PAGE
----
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Pharmaceutical giant Merck (NYSE: MRK ) has been developing drugs for nearly a century and is one of the few health-care components in the Dow Jones Industrial Average. It may seem like every company listed in the Dow is a safe, long-term investment -- but this isn't always the case.
Merck, for instance, recently lost marketing exclusivity for its top-selling drug, and the company may face more headwinds from the patent cliff in the coming years. Is Merck still a solid dividend stock, or are there too many risks facing this drugmaker?
In our brand-new premium report, our senior biotech analyst walks you through the opportunities, threats, and more in-depth analysis on Merck. Here's a small sample of what you'll find inside:
Merck is the second largest pharmaceutical company by revenue behind Pfizer (NYSE: PFE ) . Johnson & Johnson (NYSE: JNJ ) has greater revenue as well, but it's more of a conglomerate since it sells medical devices and consumer products like Band-Aids in addition to drugs. Merck is primarily dependent on drugs for its revenue.
Pharmaceuticals and vaccines make up the bulk of Merck's revenue. This segment is somewhat diversified; sales of the top 10 drugs make up just over half of the total revenue.
Asthma drug Singulair, which contributed more than 13% of the pharmaceutical revenue in the first half of 2012, went off patent in the U.S. last August. Merck will lose patent protection in major European markets in February. The loss of exclusivity will instantly hurt sales, but other drugs have the ability to make up for the decrease. Sales of diabetes drugs Januvia and Janumet rose 30% and 28%, respectively, in the first half of 2012 compared with the same period a year prior. Revenue from HIV therapeutic Isentress was up 17%.
That's the advantage of having such a diversified stable of drugs to sell. The disadvantage is that it's difficult for any one drug to significantly drive sales, because the drug becomes muted by the large total revenue.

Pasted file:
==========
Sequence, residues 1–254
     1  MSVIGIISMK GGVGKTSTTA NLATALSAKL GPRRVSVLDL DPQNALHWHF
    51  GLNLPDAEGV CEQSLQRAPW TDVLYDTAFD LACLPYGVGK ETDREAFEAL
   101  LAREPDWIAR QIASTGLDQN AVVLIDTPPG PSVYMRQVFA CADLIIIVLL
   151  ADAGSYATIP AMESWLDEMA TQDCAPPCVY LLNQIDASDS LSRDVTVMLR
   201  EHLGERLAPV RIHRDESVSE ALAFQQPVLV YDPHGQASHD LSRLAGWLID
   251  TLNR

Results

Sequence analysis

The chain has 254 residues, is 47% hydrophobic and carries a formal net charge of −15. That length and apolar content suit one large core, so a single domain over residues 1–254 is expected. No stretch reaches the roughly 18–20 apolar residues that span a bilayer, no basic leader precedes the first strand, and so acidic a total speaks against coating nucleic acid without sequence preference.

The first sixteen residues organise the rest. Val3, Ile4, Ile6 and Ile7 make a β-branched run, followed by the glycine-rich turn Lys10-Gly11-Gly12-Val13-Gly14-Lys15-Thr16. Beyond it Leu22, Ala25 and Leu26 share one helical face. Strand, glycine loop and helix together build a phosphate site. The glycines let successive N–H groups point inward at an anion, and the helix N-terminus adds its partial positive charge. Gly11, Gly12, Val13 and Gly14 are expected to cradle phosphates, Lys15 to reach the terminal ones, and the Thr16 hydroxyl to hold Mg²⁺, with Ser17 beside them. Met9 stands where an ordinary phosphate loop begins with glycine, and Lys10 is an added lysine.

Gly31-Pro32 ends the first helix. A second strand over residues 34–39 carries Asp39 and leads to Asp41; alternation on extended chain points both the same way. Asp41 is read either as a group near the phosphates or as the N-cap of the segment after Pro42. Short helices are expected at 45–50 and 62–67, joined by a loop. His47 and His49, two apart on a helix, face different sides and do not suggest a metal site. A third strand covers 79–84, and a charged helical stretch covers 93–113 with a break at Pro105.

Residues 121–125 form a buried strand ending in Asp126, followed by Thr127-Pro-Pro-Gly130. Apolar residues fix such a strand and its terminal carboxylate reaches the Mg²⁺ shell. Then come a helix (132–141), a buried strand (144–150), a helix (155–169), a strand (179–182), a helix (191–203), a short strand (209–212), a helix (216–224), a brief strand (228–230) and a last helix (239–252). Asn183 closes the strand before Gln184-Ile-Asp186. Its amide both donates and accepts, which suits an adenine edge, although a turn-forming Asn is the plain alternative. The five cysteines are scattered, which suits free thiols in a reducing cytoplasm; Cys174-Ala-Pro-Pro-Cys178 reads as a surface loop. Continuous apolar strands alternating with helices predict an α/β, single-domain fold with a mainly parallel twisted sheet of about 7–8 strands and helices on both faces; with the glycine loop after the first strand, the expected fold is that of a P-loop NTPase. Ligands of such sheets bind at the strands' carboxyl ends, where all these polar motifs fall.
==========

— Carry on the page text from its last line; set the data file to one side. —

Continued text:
Growth in the low single digits when Merck is facing tough year-over-year comparisons because of patent expirations and generic competition seems reasonable, while drug revenue growth should be higher in quarters where patent-cliff headwinds are absent.
Beyond drugs, Merck has opportunities in animal health and in consumer care, which includes over-the-counter drugs as well as consumer products, like Coppertone sunscreen. The gross margins for both groups are likely lower than for prescription drugs, which is fine given their relatively small contribution to the overall revenue.
Of the two, the animal health division is likely to be the more lucrative opportunity. Sales were up 8% year over year in the first half of 2012. Pfizer is spinning out its animal health division to unleash the value. I doubt Merck will follow suit, but it's a sign that the animal health division shouldn't be forgotten.
Finally, there's the "other" category, two-thirds of which is Merck's alliance with AstraZeneca (NYSE: AZN ) to market Nexium and Prilosec. Unfortunately, that revenue will probably disappear because AstraZeneca has an option to buy out Merck's portion of the joint venture in 2014.
Like most big pharma companies, Merck has made no secret of the fact that it plans to increase sales by expanding into developing countries. The U.S., Europe, and Japan still dominate pharmaceutical sales, with about 79% coming from those three regions. Developing countries like China, with sales up 23% in the first half of 2012, are helping to drive sales further.
While sales in developing countries will boost revenue, the revenue is likely to come with a lower gross margin. If the additional revenue from developing countries is just an added bonus, then the decreased profit margins won't be a major issue. Investors should be leery, however, of Merck's attempts to replace lost revenue from the U.S. with revenue from developing countries and calling it even. It's not.